NORTHERN COPPERHEAD


Scientific name: Agkistrodon contortrix mokasen

Size

The average size of a mature Northern Copperhead is 2-3 feet in length. Some reach up to 4 feet in length.

Description

The Copperhead gets it name from the copper-red color of the top of its head, similar to the color of a penny. The body of the Northern Copperhead is generally a light tan to reddish-tan, with dark brown to reddish-brown bands. These bands are hourglass shaped, being thinner across the spine and wider on the sides of the snake. The inside of the hourglass pattern is usually lighter on the sides of the body. There may often be one or two darker brown marks between the bands on the back of the body, and one inside the bands on the sides of the body. These marks are not as obvious as the banding, and are many times fainter in color or non-existent.

Young Northern Copperheads are patterned like mature Northern Copperheads, but are often grayer in color, and the tip of the tail on young Northern Copperheads is yellow. The yellow tail is used to attract food. It is wiggled in a motion imitating a worm or caterpillar, which attract frogs, lizards, or other prey that the young Northern Copperhead eats.

The Northern Copperhead has elliptical pupils that look like cat's eyes and like all pit vipers, has a heat-sensing pit between the nostril and eye on each side of its head. The Northern Copperhead has a large, triangular head that is wider than the neck when viewed from above.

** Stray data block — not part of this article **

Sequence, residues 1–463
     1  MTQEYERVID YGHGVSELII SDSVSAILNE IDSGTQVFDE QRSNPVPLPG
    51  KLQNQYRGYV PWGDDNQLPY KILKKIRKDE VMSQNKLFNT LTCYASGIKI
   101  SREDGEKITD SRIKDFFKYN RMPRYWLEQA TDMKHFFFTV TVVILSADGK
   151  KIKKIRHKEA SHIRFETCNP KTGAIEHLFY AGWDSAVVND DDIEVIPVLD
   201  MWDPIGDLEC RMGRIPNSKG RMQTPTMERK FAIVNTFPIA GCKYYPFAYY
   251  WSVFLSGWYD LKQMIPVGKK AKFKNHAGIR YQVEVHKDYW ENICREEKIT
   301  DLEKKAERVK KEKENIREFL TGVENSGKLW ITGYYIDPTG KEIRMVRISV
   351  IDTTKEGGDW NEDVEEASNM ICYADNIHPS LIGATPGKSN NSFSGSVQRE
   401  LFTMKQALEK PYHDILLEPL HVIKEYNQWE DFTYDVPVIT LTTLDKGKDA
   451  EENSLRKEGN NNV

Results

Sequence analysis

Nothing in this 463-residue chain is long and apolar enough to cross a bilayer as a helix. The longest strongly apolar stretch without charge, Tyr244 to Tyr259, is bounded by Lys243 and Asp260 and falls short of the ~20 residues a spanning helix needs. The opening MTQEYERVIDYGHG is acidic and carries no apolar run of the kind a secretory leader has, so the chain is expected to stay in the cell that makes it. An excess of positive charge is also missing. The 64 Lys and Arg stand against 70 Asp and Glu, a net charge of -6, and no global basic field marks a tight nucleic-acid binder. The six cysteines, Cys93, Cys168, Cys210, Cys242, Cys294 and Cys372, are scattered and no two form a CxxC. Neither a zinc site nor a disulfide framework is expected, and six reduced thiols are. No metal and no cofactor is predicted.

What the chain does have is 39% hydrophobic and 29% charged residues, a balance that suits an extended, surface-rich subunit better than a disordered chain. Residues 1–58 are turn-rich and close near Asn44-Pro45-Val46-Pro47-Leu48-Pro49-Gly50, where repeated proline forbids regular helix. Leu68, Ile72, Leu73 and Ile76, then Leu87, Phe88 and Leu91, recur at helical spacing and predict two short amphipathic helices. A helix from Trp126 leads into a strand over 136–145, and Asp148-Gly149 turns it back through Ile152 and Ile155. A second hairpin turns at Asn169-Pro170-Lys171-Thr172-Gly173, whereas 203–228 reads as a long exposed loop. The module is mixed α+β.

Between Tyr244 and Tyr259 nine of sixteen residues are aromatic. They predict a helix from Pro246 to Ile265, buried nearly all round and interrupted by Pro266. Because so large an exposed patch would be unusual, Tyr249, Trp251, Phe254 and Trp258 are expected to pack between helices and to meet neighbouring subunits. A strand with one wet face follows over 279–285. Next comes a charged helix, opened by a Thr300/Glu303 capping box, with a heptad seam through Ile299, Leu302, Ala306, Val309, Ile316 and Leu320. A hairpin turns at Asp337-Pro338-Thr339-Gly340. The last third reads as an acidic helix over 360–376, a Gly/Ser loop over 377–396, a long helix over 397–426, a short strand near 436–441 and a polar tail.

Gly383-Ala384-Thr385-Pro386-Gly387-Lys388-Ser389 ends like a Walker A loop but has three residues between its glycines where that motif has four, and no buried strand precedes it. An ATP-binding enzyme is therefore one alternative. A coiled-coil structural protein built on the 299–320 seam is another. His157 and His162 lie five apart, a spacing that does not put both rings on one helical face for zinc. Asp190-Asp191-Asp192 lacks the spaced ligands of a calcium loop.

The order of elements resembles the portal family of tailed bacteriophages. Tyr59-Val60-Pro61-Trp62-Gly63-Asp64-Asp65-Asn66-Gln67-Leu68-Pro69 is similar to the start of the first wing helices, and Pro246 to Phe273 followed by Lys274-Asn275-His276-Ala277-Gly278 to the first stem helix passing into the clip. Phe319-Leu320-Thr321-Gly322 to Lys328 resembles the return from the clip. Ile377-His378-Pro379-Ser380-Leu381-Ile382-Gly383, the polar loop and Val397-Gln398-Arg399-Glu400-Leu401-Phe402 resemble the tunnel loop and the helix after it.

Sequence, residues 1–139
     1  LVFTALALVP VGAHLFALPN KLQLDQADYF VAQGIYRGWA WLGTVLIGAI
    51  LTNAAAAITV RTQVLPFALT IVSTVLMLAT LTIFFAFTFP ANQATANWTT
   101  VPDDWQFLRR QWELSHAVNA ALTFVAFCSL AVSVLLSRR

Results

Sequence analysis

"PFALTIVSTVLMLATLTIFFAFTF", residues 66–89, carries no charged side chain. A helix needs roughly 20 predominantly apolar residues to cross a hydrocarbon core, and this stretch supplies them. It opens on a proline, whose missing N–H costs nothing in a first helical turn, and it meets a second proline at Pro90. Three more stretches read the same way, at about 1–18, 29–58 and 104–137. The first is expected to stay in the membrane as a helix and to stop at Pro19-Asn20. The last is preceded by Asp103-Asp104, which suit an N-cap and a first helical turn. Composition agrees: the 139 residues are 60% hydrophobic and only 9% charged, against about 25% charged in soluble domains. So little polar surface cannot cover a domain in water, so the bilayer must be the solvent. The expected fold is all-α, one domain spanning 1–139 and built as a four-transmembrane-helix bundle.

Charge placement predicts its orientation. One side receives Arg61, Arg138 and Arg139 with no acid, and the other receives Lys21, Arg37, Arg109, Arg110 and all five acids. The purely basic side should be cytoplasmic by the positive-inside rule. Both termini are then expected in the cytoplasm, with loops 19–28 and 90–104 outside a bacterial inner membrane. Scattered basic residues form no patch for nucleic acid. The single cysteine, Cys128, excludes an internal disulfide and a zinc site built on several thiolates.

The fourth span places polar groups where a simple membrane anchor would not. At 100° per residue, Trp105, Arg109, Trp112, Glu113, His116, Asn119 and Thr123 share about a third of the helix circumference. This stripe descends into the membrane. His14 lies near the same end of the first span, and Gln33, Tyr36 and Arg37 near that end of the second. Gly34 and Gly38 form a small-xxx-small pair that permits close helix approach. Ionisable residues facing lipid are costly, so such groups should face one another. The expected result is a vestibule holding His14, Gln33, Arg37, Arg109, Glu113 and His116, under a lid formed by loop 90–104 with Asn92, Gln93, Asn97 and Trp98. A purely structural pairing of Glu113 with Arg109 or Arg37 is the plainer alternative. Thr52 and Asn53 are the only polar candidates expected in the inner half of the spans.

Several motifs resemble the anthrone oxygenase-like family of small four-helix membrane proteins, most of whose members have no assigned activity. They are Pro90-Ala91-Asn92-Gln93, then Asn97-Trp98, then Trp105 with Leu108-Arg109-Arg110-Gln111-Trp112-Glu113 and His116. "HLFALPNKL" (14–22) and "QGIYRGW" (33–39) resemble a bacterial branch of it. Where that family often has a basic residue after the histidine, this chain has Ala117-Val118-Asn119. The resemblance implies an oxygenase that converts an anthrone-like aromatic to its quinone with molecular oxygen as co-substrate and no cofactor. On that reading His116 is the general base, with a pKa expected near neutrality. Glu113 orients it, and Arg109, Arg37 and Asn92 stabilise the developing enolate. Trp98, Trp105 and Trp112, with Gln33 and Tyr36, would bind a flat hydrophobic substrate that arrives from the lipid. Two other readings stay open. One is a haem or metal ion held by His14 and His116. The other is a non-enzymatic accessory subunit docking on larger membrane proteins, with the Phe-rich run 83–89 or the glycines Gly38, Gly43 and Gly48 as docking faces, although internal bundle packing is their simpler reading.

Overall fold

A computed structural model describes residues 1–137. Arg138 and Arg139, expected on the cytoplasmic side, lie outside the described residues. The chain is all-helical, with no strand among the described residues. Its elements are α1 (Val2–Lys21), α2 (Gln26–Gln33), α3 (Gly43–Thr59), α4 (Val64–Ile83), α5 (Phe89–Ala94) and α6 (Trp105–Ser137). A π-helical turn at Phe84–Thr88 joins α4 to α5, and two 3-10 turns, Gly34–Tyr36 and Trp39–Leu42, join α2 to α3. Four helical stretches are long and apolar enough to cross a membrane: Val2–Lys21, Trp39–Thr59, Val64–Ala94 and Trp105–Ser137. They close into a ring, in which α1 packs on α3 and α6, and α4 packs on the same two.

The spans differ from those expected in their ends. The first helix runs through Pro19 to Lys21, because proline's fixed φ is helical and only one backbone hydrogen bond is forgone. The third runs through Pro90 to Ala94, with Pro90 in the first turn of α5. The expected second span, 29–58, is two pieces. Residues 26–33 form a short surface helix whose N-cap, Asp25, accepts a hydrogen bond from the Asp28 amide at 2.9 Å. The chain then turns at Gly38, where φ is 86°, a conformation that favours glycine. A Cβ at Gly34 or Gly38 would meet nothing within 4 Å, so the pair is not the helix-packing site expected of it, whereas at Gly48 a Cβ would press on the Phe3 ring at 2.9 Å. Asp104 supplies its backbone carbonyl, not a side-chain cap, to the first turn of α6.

Distribution

In the United States, the Northern Copperhead is found in most of the eastern states including Alabama, Connecticut, Delaware, Georgia, Illinois, Indiana, Iowa, Kentucky, Maryland, Massachusetts, Mississippi, Missouri, New Jersey, New York, North Carolina, Ohio, Pennsylvania, Rhode Island, South Carolina, Tennessee, Virginia, and West Virginia.
Map of US states the Northern Copperhead is found in.
Map does not show area of true distribution, only the states in which there is a population.
Actual distribution in any highlighted state may be limited.

Notes

When the Northern Copperhead is disturbed or feels threatened, it will often coil up its body, and raise its head at a 45-degree angle from the ground in a defensive posture. It will often vibrate its tail when disturbed as well.

The Northern Copperhead is born with the ability to bite and inject venom, and is fully capable of inflicting a venomous bite from birth.


A photo of a Northern Copperhead among the rocks.
Northern Copperhead
Photo used by permission:
© 2002 John White


A mature Northern Copperhead. This photo displays the hourglass patterns well.
Northern Copperhead
Photo used by permission:
© 2000 John White

A mature Northern Copperhead.
Northern Copperhead
Photo used by permission:
© 2004 Jeremiah Easter


This close up of a Northern Copperhead's head gives an excellent view of the heat-sensing pit located between the nostril and eye. Note the elliptical cat-like pupil of the eye.
Northern Copperhead Head Closeup
Photo used by permission:
© 2001 John White


Below is a photo of a pair of Northern Copperheads. In this photo it is easy to see the copper-red color that the Copperhead is named for on top of the head.
Two Northern Copperheads
Photo used by permission:
© 2000 John White


Below is a photo of a young Northern Copperhead. The overall color of a young Northern Copperhead is typically grayer. Note the yellow tail, which is used to attract food. Newborn Northern Copperheads are fully capable of inflicting a venomous bite.
Northern Copperhead Neonate
Photo used by permission:
© 2000 John White

For more information on venomous snakes, please see the Venomous Links page.


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